You can read a full English language version of the syndicated article here on the Barron’s Magazine website.

Deep Dive Politics: Italy and Populism in Europe with Daniele Albertazzi

Populism in Action’s Principal Investigator Dr. Daniele Albertazzi was the guest on Deep Dive Politics World Unfiltered Youtube channel and podcast on 20/03/21

You can view the video here.

You can listen to the podcast here.

In the course of a discussion with EA Worldview Editor Prof. Scott Lucas, Daniele Albertazzi considers questions relating to current political developments in Italy around the formation of the Draghi government, how Italy’s populist radical right political forces are responding to it, and general questions relating to the origins, nature, and ongoing development of the populist radical right political phenomenon.

Mario Draghi’s governing bandwagon has been voted in. Expect a bumpy ride

By PiAP’s Principal Investigator Dr. Daniele Albertazzi and the University of Turin’s Dr. Davide Pellegrino. This post first appeared on The Loop, the EPRC’s Political Science Blog on 23/02/21.

On 13 January 2020, Matteo Renzi, leader of the personal, centrist party, Italia Viva (IV), withdrew his ministers from Giuseppe Conte’s second government. This triggered a government crisis that would end Conte’s time as Prime Minister.

Renzi was hoping to drive a wedge between the Democratic Party (PD) and its governing ally the Five Star Movement (M5S), restoring some visibility to his ailing party.

Though Renzi managed to get rid of Conte, he failed to give Italy a government that made a break with the past. Indeed, as the dust has settled, ‘government crisis’ has given way to yet more political continuity.

The usual suspects, sneaking in the back door

New PM Mario Draghi is a former head of the European Central Bank, with no previous direct involvement in politics. This clearly qualifies him as a technocrat. Yet his executive is staffed by many who are not just from the parties backing him, but appear to have been picked by them. Government positions have been gifted to the usual party insiders.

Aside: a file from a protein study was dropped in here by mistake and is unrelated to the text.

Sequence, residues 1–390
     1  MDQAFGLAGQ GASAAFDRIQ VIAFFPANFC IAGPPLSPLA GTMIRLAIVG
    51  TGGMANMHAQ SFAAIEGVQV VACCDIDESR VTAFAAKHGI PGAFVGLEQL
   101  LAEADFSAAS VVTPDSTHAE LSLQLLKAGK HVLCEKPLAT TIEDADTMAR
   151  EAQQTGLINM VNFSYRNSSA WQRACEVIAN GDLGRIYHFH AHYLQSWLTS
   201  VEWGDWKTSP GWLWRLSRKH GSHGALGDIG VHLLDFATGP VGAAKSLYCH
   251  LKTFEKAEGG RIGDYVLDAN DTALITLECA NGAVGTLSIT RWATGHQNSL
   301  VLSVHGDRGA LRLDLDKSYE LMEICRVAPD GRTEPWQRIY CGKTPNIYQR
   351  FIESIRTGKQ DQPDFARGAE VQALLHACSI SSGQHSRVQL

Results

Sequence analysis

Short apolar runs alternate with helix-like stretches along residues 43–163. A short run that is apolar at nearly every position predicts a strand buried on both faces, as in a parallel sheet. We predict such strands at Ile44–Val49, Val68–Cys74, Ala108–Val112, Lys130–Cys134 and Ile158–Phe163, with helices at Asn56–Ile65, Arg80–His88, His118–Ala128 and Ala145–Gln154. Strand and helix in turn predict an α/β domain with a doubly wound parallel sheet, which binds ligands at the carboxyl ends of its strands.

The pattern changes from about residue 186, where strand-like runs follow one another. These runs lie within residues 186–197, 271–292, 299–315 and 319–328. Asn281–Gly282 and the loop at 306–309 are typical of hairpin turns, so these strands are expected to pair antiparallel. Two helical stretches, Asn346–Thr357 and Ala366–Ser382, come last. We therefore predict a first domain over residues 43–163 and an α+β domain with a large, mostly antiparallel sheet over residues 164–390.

Draghi’s executive is staffed by as many as 15 political figures, alongside eight independents. This mirrors the size of the parliamentary groups that have jumped on his bandwagon. The executive is composed of five ministers from the M5S, and three each from the PD, League and Forza Italia. Parliamentary minnows gain one ministry each. See the table below.

A table show the political composition of Mario Draghi's new cabinet. It lists each new cabinet minister by name and their party affiliation, whilst also stating which party held the ministry prior to Draghi forming a government in the 2nd half of February 2021

Expelled by Renzi’s scheming, some of the usual suspects are taking revenge by sneaking in through the back door. Indeed, almost all ‘political’ ministers in the new government have already served in centre-left and centre-right governments. Several have been allowed to continue in the roles they held under Conte, while a few held ministerial positions years ago under Silvio Berlusconi.

Five Star Movement: anti-establishment no more

This has created an impossible situation for the populist M5S. It has received less than half the ministries it had controlled under the previous government, down from 10 to 4. Now, it must govern alongside ministers from Berlusconi’s hated governments.